With cloud computing, researchers don’t need to download data. They can work with data and run experiments in the cloud, a flexible network of servers on the Internet, and access data in minutes rather than months. Data stored in the cloud has been shown to be as secure, if not more so, than data downloaded to local servers and hard drives. The set of 1,200 genomes now available on AWS is the first installment of ICGC data to be posted and is expected to grow several fold over the next 12 months with the addition of data from more cancer patients.

“This initiative brings together one of the world’s largest cancer genome datasets and one of the world’s leading cloud computing providers to create a powerful new resource for cancer researchers,” said Dr. Lincoln Stein, Director of the Informatics and Biocomputing Program at the Ontario Institute for Cancer Research and Director of the ICGC’s Data Coordination Center. “Now, far more researchers will have access to ICGC data, opening up the possibility of new discoveries and new breakthroughs in cancer research.”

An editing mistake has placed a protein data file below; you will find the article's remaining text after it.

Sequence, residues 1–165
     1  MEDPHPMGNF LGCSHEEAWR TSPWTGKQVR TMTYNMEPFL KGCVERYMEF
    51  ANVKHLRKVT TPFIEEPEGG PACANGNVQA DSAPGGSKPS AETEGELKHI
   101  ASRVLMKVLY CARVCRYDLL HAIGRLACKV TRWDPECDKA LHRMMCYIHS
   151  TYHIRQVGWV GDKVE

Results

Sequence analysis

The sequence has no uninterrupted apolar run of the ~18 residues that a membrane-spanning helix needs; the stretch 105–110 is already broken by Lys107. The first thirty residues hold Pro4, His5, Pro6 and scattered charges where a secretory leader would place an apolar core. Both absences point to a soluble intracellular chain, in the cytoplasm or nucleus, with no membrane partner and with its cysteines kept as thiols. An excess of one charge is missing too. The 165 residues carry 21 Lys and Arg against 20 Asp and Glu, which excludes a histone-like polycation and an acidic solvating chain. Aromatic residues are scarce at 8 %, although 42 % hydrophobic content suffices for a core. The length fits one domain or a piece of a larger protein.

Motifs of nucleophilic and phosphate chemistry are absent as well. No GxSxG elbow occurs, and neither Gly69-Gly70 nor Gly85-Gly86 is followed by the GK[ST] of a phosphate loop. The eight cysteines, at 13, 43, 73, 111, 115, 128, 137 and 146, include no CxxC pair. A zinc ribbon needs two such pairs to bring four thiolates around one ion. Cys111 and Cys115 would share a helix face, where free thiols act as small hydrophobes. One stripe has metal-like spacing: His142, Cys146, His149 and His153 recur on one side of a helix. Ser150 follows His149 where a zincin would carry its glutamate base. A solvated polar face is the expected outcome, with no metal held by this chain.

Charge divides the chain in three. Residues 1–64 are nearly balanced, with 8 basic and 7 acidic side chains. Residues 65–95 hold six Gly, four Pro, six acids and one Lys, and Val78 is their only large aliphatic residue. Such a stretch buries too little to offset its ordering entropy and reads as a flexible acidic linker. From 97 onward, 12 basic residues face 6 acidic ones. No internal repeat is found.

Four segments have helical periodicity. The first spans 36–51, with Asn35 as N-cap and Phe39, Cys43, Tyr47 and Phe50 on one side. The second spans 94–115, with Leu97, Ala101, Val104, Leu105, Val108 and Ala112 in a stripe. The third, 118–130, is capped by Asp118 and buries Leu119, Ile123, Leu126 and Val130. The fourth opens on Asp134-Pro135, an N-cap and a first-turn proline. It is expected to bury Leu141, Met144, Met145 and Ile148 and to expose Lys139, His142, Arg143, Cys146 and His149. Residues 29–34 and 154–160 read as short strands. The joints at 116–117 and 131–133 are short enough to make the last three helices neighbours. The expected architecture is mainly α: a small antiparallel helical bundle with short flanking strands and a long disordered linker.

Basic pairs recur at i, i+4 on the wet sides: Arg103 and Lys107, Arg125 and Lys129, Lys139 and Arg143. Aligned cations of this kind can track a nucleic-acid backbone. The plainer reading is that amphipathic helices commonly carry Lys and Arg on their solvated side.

The Pan-Cancer Analysis of Whole Genomes (PCAWG) project of the ICGC and The Cancer Genome Atlas (TCGA) is coordinating analysis of more than 2,800 cancer genomes, and is making extensive use of AWS and the genomes stored on Amazon Simple Storage Service (Amazon S3). Each genome is being characterized through a suite of standardized algorithms, including alignment to the reference genome, uniform quality assessment, and the calling of multiple classes of somatic mutations. Scientists participating in the research projects of PCAWG are addressing a series of fundamental questions about cancer biology and evolution based on these data.

“Making this data available and usable will enable more researchers across the world to ask questions and get answers that were previously out of reach,” said Matt Wood, General Manager of Product Strategy at Amazon Web Services, Inc. “Researchers can now explore these large and diverse datasets in unconstrained ways, without having to manage large amounts of physical infrastructure. Instead, they can focus on driving their state-of-the-art research forward.”